Now we get a slightly worse result, 72.7%, probably not significantly worse. We get a slightly larger tree – 22 leaves and 43 nodes. That’s a double whammy, really. We’ve got a bigger tree, which is harder to understand, and we’ve got a slightly worse prediction result. We would prefer the pruned tree in this example on this dataset. I’m going to show you a more extreme example with the breast cancer data. I don’t think we’ve looked at the breast cancer data before. The class is no-recurrence-events versus recurrence-events, and there are attributes like age, menopause, tumor size, and so on. I’m going to go classify this with J48 in the default configuration.
I need to switch on pruning – that is, make unpruned false – and then run it. I get an accuracy of 75.5%, and I get a fairly small tree with 4 leaves and 2 internal nodes. I can look at that tree here, or I can visualize the tree.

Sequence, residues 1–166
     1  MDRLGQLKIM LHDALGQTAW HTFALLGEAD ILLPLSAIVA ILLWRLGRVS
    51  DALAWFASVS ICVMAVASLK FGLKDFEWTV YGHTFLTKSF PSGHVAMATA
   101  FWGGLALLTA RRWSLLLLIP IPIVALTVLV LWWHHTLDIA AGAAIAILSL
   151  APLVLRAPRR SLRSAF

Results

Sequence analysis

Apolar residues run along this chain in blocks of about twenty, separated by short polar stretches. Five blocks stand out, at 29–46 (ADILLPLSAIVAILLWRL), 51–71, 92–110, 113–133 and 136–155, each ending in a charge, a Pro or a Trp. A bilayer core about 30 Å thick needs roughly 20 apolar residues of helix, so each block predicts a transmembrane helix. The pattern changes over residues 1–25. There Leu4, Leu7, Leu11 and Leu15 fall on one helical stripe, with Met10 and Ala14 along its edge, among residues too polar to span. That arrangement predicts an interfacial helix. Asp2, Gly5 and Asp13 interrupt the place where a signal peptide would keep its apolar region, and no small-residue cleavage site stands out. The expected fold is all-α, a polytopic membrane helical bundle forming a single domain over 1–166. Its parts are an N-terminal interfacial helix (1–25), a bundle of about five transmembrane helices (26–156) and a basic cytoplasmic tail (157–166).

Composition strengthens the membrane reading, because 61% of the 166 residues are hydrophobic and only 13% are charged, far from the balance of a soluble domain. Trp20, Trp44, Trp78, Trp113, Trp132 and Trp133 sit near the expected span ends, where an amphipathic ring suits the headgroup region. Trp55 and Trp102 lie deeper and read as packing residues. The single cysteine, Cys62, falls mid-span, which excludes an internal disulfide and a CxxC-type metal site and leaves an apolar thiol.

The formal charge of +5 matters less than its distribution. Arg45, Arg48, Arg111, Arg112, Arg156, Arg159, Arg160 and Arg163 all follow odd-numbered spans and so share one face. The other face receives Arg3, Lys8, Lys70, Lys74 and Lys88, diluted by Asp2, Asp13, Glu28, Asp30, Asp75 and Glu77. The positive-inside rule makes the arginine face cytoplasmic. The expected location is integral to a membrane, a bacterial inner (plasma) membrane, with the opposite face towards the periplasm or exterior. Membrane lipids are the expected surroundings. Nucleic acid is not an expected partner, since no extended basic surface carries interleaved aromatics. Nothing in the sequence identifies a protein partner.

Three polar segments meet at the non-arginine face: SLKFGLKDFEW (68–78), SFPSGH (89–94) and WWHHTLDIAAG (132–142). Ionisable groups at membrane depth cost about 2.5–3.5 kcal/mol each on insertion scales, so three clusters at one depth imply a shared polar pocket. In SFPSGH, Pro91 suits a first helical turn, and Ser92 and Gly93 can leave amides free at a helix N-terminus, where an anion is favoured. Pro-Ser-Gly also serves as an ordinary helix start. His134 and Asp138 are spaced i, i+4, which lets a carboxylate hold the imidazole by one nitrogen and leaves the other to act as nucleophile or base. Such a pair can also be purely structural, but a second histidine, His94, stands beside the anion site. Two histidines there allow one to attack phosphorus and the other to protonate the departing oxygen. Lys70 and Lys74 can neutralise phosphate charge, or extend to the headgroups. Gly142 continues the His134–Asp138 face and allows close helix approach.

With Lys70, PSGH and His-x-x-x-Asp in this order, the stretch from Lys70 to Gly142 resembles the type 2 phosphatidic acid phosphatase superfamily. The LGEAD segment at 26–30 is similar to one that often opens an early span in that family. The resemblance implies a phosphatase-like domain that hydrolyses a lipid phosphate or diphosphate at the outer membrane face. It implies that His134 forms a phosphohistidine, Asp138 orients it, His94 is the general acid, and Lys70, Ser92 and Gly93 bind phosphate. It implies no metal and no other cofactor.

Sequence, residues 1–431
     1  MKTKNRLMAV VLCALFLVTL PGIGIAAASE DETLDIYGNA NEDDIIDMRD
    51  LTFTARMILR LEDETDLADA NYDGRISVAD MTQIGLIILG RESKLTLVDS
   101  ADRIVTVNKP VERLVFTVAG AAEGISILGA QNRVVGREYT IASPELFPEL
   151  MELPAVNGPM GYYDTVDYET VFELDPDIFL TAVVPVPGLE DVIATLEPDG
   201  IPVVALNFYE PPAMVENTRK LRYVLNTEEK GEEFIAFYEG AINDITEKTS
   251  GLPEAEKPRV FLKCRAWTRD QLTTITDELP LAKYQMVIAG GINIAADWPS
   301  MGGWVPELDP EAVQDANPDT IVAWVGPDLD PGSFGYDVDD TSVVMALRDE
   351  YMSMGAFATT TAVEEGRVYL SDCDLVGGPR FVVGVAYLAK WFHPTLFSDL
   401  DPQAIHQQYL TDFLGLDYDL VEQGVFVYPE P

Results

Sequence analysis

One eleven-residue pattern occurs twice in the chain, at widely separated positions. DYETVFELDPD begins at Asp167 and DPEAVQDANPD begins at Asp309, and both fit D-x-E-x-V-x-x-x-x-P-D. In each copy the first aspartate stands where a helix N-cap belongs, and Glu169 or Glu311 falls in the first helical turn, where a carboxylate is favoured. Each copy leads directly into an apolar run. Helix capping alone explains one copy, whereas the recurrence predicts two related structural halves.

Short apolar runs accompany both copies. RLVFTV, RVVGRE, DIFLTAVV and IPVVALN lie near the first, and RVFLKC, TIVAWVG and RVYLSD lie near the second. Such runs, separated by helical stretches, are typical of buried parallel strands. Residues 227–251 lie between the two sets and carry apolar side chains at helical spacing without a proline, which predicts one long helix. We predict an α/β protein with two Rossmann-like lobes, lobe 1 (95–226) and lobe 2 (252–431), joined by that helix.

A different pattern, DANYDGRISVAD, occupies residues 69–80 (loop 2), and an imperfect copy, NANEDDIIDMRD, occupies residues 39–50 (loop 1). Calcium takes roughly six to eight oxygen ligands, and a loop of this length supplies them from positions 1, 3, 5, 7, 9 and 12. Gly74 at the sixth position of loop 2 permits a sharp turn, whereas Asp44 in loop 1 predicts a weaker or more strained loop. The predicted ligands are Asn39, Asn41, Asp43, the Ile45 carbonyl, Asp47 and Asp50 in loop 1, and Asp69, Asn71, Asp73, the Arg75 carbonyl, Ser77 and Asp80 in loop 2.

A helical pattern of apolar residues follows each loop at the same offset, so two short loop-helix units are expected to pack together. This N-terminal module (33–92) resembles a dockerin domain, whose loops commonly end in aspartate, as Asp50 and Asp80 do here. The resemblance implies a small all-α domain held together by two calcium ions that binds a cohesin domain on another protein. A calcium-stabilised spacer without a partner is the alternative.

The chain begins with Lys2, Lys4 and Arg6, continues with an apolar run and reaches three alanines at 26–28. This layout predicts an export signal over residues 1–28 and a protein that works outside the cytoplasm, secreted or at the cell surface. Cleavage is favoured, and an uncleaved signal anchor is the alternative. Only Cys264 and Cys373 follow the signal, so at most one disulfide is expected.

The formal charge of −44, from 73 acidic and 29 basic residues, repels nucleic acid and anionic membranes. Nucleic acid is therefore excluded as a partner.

We get this nice, simple little decision structure here, which is quite comprehensible and performs pretty well, 75% accuracy. I’m going to switch off pruning. Make unpruned true, and run it again. First of all, I get a much worse result, 69.6% – probably signficantly worse than the 75.5% I had before. More importantly, I get a huge tree, with 152 leaves and 179 total nodes. It’s massive. If I try to visualize that, I probably won’t be able to see very much. I can try to fit that to my screen, and it’s still impossible to see what’s going on here. In fact, if I look at the textual description of the tree, it’s just extremely complicated. That’s a bad thing.
Here, an unpruned tree is a very bad idea. We get a huge tree which does quite a bit worse than a much simpler decision structure. J48 does pruning by default and, in general, you should let it do pruning according to the default parameters. That would be my recommendation. We’ve talked about J48, or, in other words, C4.5. We talked about the progression from C4.5 by Ross Quinlan. Here is a picture of Ross Quinlan, an Australian computer scientist, at the bottom of the screen. The progression from C4.5 from Ross to J48, which is the Java implementation essentially equivalent to C4.5. It’s a very popular method. It’s a simple method and easy to use.